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4 Tips for Avoiding Contact Lens-Related Eye Infections

Mar 16, 2023
4 Tips for Avoiding Contact Lens-Related Eye Infections
The last thing you want is an eye infection from your contact lenses. Fortunately, if you follow certain best practices, you can dramatically slash your risk.

There’s a learning curve with contact lenses. You have to figure out how to get them into your eyes, for starters, but you also need to learn how to care for these flimsy little lenses. 

Fortunately, it’s not overly complicated. If you follow a few rules, you should be able to keep your contacts working their best while also avoiding eye problems. Here at Edwin Y. Endo, OD & Associates in Aiea, Hawaii, our team wants to help you avoid eye infections while seeing clearly through your contact lenses

With that in mind, here are four tips we recommend. 

#1: Always wash your hands first

Before you put in or take out your contact lenses, give your hands a good scrub in hot, soapy water and rinse them well. 

If you don’t, the microbes from everything you’ve touched recently can transfer into your eye. That could include viruses and bacteria that cause keratitis, an infection that can cause eye irritation, light sensitivity, and, in extreme cases, blindness.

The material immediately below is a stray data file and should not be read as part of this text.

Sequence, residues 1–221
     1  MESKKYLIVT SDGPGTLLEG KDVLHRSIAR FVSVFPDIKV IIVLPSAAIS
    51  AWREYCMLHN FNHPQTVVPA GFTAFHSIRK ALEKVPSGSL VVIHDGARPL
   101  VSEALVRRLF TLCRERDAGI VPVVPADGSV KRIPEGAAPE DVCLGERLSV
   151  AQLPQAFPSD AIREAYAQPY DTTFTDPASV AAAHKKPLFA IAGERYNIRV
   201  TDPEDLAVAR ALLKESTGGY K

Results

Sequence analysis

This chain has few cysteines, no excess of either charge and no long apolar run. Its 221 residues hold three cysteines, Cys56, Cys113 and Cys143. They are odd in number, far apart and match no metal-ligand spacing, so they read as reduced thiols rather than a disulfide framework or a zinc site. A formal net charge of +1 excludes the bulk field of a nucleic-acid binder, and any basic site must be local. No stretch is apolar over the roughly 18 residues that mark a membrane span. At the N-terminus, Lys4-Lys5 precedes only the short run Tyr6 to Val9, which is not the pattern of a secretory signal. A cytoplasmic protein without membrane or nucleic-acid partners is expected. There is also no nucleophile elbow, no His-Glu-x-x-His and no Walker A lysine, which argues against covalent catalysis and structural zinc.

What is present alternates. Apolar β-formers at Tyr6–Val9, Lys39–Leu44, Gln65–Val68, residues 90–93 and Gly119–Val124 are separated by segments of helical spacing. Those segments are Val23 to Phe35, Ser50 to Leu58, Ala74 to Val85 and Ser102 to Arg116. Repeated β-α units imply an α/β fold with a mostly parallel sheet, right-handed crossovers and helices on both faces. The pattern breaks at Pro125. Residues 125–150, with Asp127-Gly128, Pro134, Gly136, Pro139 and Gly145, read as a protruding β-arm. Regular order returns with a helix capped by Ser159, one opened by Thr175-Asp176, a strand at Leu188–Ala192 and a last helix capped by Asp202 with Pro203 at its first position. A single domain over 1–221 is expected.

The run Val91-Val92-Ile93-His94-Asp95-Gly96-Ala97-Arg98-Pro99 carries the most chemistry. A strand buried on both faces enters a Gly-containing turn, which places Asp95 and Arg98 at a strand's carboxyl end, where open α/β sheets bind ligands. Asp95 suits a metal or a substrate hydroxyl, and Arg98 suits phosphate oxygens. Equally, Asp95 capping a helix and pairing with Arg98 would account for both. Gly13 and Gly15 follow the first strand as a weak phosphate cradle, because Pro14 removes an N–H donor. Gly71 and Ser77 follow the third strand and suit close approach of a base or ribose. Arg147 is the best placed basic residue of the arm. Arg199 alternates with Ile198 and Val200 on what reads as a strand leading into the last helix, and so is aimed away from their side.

#2: Don’t sleep in your contact lenses

Hitting the hay with your lenses in — even if they’re approved for sleep — bumps up your risk of an eye infection by at least sixfold

No matter how tired you are, make sure you remove your contacts every night. Make it a part of your nightly routine, just like brushing your teeth. 

#3: Use fresh solution every day

It can be tempting to just “top off” the solution in your case rather than dumping and replacing it daily. Don’t. 

Use fresh solution every day to prevent yesterday’s microbes from hanging around, as the accumulation of bacteria heightens your likelihood of an eye infection. 

#4: Replace your lenses and case regularly

Similarly, swapping out your lenses on the prescribed schedule minimizes your risk of letting bacteria and viruses build up, compromising your ocular health.

It’s not just your lenses that need a swap, either. The American Optometric Association also recommends replacing the case for you contact lenses every three months. 

What to do if you think you have an eye infection

These tips should help you avoid the most common causes of a contact lens-related eye infection. Even so, things happen. 

Monitor your eyes. You might be developing an infection if you have symptoms like:

  • Pain
  • Itching
  • Redness
  • The feeling that something’s in your eye, like a foreign object or grit
  • Excess wateriness or discharge
  • Light sensitivity
  • Blurred vision

If you notice any of these signs, talk with us. We can customize a care plan to address your infection and protect your vision.

For eye care whenever you need it, call our office or book your visit online today.